Ten months ago I wrote an article entitled Shooting the FBI Handgun Qualification. In that article, I outlined some reasons for shooting law enforcement—in particular the FBI—qualifications. I also described the course of fire, which consisted of 60 rounds fired over 15 stages shot from 3 yards out to 25 yards. The course incorporated one reload, some one-handed shooting (strong and support), and some shots from the kneeling position, all from a concealed draw and under time constraints. Agents are required to achieve a score of 80%, and FBI instructors must achieve a 90% score. Shooting this qualification several times last year with several different handguns, I never scored less than 90%, and in the Rangemaster Three-Day Instructor course I took in June of 2018, I scored a 100%.
Tom Givens visited the FBI Academy in Quantico last year, and I recall him mentioning in one of the classes I took with him that he made some recommendations to their instructors. Last week, he posted on Facebook the new, 2019 edition of the FBI Pistol Qualification, which incorporates at least some of the recommendations he made to their training cadre.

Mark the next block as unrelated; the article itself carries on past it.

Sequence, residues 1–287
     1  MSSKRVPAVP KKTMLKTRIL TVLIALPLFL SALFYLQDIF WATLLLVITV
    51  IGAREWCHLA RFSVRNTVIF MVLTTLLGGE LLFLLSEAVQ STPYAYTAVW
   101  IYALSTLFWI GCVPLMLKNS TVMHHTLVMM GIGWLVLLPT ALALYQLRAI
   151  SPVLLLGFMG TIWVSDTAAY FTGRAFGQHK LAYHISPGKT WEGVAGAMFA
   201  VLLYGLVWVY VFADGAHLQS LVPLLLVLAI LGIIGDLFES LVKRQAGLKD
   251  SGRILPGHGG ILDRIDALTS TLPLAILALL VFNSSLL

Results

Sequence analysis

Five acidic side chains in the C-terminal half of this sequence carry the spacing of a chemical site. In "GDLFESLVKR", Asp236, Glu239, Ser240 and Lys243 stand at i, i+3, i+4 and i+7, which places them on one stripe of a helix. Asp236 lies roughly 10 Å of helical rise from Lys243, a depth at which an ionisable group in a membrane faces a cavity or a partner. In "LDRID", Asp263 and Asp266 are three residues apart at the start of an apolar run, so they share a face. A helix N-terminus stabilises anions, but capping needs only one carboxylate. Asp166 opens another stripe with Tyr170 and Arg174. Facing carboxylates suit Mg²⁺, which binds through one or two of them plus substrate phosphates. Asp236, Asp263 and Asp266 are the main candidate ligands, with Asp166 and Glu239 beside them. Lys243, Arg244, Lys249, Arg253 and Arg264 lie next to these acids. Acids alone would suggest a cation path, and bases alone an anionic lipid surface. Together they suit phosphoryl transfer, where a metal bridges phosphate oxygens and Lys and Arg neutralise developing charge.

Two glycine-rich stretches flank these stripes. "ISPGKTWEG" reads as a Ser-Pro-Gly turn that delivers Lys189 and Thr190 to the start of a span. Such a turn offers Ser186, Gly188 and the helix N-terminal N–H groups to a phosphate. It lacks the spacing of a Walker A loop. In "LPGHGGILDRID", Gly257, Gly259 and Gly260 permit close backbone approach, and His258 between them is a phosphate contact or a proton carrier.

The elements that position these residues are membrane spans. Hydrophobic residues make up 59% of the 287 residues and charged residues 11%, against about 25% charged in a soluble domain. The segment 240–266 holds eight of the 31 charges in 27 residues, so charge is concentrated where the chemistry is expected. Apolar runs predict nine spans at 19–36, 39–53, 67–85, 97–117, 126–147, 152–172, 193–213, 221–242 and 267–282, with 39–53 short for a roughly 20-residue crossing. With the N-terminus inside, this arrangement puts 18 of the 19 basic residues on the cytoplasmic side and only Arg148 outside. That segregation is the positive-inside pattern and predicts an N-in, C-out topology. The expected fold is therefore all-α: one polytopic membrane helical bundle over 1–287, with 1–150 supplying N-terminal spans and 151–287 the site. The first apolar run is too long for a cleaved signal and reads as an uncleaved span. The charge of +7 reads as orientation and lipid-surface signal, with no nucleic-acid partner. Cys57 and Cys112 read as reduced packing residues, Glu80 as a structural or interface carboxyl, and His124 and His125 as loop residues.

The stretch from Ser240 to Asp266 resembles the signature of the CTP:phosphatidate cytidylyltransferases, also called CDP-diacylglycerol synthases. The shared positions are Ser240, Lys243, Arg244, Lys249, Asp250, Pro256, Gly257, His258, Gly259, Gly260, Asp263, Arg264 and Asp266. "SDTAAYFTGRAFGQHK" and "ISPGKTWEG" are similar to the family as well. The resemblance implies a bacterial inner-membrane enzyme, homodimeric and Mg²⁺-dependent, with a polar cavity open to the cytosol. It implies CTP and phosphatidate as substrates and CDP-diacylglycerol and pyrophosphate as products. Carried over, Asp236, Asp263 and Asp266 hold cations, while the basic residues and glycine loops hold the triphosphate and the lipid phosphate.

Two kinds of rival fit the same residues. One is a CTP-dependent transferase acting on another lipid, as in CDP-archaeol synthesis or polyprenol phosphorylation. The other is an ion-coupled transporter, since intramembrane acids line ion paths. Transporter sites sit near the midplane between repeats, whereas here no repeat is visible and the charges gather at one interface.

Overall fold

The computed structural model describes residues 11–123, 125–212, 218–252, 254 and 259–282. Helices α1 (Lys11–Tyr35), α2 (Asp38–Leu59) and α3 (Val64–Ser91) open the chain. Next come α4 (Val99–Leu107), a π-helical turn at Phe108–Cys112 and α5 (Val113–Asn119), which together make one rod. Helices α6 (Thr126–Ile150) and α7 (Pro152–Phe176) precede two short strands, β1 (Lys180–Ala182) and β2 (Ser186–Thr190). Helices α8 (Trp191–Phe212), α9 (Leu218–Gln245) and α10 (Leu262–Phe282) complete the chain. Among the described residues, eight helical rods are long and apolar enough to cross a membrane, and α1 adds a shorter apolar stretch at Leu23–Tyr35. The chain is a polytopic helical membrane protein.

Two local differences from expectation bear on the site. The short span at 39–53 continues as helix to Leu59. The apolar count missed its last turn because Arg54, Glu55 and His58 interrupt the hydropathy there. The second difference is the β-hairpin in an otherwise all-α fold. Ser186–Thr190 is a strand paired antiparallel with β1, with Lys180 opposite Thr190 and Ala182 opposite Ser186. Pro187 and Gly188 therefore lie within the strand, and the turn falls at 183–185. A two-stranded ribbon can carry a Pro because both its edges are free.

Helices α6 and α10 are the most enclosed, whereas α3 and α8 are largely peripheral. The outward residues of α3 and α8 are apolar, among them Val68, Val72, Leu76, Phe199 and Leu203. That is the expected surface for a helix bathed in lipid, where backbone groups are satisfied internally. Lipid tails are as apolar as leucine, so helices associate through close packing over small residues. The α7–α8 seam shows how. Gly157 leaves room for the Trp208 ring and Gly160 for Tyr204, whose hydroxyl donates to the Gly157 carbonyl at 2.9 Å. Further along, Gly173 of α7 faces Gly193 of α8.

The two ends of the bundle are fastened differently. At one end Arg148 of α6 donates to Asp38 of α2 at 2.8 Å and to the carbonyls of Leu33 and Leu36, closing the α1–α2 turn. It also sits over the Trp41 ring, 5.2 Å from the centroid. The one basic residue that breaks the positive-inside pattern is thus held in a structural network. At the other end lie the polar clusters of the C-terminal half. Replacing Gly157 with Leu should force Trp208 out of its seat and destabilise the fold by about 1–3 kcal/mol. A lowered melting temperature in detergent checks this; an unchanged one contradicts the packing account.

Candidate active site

The Course of Fire
This is the new course of fire. It is shot on the same QIT-99 Target as the previous pistol qualification. Fifty total rounds, 2 points for each hit for a total possible score of 100. Any shots fired over time are not counted (the FBI range uses turning targets, so the targets disappear when the time is up). There are no scoring zones or rings on the target; anything in “the bottle” is a hit. Required scores are the same as they had been (80% for agents, 90% for instructors).
FBI PISTOL QUALIFICATION COURSE, revised Jan 2019
3 yards Draw and fire 3 rds strong hand only, switch hands and fire 3 rds support hand only, all in 6 seconds
5 yards Draw and fire 3 rds in 3 seconds
From the Ready, fire 3 rds in 2 seconds
From the Ready, fire 6 rds in 4 seconds
7 yards Draw and fire 5 rds in 5 seconds
From the Ready, fire 4 rounds, conduct an empty gun reload, and fire 4 more rds, all in 8 seconds
From the Ready, fire 5 rounds in 4 seconds
15 yards Draw and fire 3 rds in 6 seconds
From the Ready, fire 3 rds in 5 seconds
25 yards Draw and fire 4 rds from Standing, drop to a Kneeling Position and fire 4 more rds from Kneeling, all in 20 seconds.